PIERRE—South Dakota needs criminal sanctions for people convicted of drug abuse who are caught using again during their probation and parole periods, several police chiefs told legislators Wednesday. The panel of lawmakers is studying methamphetamine and opioid use and looking for ways to steer students away from that path. Karl Jegeris, the Rapid City police chief, suggested tracking babies whose mothers are methamphetamine users. He also asked for a third party to conduct a survey of people who work in the criminal justice system.
PIERRE — The South Dakota Railroad Board granted a six-month extension Wednesday for Dakota Southern Railway to continue leasing the state-owned line between Napa and Platte amid a dispute about who controls its future. The lease negotiations are mired in a feud over who has federal clearance to operate on the line. Declining to step aside is the Napa Platte Regional Railroad Authority that held the lease for about 35 years until the state board chose Dakota Southern instead.
PIERRE — The South Dakota Board of Economic Development approved four grants for local development purposes Tuesday. The Faulkton Area Economic Development Corp. receives a $384,000 grant from the local infrastructure improvement program; The Beadle and Spink Enterprise Community Inc. receives a $250,000 grant for use in its revolving loan fund from the economic development partnership program; The South Eastern Development Foundation receives a $250,000 grant for use in its revolving loan fund from the economic development partnership program; and
The Legislature's Executive Board selected on Monday a new member of the South Dakota Investment Council. He is Jeff Nelson of Wentworth. Nelson is the former chief officer for East River Electric Cooperative at Madison and was a Democratic candidate for the state House of Representatives in the 2014 elections. Nelson succeeds Jim Means of Yankton, a senior officer at First Dakota National Bank. Investment council members are allowed one five-year term and can't all be from the same political party.
PIERRE — Money flew like punches with fury in the final weeks of many campaigns leading to last Tuesday's party-primary elections across South Dakota. Maneuvers that attempted to deceive or make discovery difficult became commonly used, especially in some of the fierce Republican legislative primaries. Many candidates of both parties and supporters have turned South Dakota into a wild west of politics. Gradually we're making progress toward more transparency within the formal structure of state and local governments.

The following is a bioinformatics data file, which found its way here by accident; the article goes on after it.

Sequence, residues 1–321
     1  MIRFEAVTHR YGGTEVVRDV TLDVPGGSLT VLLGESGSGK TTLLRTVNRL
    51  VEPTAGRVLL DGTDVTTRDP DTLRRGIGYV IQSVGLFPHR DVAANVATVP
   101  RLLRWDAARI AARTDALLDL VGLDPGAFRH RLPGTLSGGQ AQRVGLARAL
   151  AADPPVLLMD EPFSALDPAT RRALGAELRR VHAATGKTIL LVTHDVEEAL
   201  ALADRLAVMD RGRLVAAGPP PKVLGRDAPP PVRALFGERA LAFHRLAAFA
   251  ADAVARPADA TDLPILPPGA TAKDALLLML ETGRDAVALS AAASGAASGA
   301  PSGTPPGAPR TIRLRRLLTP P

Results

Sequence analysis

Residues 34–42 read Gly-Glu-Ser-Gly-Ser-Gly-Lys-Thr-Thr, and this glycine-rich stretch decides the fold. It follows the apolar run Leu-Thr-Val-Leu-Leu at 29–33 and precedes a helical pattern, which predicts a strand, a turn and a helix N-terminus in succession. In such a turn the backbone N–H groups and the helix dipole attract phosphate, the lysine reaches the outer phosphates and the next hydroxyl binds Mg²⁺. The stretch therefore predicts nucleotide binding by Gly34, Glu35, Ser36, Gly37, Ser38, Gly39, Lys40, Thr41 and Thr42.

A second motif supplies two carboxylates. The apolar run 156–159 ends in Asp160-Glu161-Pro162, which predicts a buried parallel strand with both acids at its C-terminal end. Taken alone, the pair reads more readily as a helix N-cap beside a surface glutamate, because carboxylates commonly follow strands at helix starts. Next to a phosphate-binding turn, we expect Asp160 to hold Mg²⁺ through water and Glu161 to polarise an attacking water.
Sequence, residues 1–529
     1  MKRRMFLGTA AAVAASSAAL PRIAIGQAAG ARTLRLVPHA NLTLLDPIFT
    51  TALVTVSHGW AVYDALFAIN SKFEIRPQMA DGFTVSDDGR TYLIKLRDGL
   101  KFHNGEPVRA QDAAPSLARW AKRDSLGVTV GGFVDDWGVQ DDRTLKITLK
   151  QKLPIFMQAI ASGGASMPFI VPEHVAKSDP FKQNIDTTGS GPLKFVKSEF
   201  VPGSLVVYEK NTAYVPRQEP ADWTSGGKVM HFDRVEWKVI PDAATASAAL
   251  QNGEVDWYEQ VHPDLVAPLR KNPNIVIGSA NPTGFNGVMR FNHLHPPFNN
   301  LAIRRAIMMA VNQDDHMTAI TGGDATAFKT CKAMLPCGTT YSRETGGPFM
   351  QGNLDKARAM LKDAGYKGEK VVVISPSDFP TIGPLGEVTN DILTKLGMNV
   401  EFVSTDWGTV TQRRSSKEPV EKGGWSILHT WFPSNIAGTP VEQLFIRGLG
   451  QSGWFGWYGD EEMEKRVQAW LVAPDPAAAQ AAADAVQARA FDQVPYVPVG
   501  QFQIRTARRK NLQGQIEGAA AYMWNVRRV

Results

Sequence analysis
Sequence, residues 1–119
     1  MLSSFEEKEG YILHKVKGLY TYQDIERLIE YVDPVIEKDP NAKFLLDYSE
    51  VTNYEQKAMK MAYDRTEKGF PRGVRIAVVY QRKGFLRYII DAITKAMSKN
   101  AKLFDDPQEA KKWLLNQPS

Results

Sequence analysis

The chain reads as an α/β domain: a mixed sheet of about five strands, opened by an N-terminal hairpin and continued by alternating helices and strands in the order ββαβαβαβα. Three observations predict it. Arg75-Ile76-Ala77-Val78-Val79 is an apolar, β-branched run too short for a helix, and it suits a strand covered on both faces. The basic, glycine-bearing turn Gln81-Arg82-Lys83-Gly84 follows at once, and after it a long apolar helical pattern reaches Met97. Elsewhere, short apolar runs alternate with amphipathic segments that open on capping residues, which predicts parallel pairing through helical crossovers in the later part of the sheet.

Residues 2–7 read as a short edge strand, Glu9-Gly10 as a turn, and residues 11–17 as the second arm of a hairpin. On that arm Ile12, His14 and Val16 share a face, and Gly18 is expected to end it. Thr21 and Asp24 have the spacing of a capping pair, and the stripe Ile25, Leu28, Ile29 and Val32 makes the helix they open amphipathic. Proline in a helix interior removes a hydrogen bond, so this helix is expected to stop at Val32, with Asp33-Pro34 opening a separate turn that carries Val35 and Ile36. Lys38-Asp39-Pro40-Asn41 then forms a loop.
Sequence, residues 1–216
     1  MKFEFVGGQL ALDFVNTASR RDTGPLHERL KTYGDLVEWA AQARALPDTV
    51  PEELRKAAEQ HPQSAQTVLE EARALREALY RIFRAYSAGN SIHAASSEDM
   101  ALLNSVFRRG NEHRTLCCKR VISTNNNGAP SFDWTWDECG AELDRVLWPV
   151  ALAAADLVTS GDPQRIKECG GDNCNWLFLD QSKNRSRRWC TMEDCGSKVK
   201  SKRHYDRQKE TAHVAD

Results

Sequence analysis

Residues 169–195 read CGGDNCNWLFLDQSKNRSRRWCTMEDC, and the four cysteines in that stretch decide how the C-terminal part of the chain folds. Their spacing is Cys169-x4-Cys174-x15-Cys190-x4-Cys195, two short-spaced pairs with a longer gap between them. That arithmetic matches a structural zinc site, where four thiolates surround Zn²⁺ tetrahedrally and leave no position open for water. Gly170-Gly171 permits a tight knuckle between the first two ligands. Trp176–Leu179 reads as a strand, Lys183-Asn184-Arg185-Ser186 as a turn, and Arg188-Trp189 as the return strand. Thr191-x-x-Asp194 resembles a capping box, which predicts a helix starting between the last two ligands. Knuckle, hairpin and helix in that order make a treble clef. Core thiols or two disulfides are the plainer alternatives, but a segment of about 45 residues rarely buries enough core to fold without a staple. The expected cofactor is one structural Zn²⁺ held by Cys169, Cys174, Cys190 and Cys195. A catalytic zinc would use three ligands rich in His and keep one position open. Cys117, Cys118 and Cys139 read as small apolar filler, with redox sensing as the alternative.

PIERRE — Five months before the November general elections, one fourth of the 105 seats in the Legislature have already been won. Eight candidates for Senate didn't have opponents. Three other candidates for Senate won primary elections Tuesday but don't have November opponents. In the House of Representatives, 11 candidates didn't have opponents. Five other candidates for House seats won primary elections Tuesday but don't have November opponents. Six current legislators lost in Tuesday's primary elections.
PIERRE—At least 16 of the state Senate's 35 seats will have new people in them for the 2017 legislative session. The chamber's Republican leadership could be in line for big changes, too. The relationship might be tested more often between many of the Republican senators and Republican Gov. Dennis Daugaard during his final two years in the office.
PIERRE—Newcomer Neal Tapio and former Rep. Stace Nelson took the first steps in their quest to set a more conservative tone in the Legislature when they won Republican Senate nominations in South Dakota's primary elections Tuesday. Tapio defeated Rep. Roger Solum for the Republican nomination to the Watertown-area Senate seat. Solum's defeat means Codington County will have three new legislators come January after the retirements by Sen. Ried Holien and Rep. Lee Schoenbeck.
PIERRE—South Dakota customers of Montana-Dakota Utilities Co. have been paying higher prices for natural gas and electricity since January of this year, while the company waited for state regulators to finish considering rate increases submitted last June. Now, customers will see refunds as credits on their bills in the next few months, as the results of the deals. The state Public Utilities Commission approved settlements Tuesday that let the company charge more but not as much as the company requested. PUC staff negotiated with the company on the compromises.
PIERRE—Video lottery terminals can be placed inside the vented smoke shacks that some bar owners have built onto their establishments, according to several Daugaard administration officials. An administrative policy now being followed by the South Dakota Lottery allows smoking at a video lottery establishment if it occurs in a non-enclosed area. South Dakota voters ratified a state law in 2010 that banned smoking in public places, including bars, restaurants and gambling establishments. But the lottery's policy rests in the law's definition of a public place.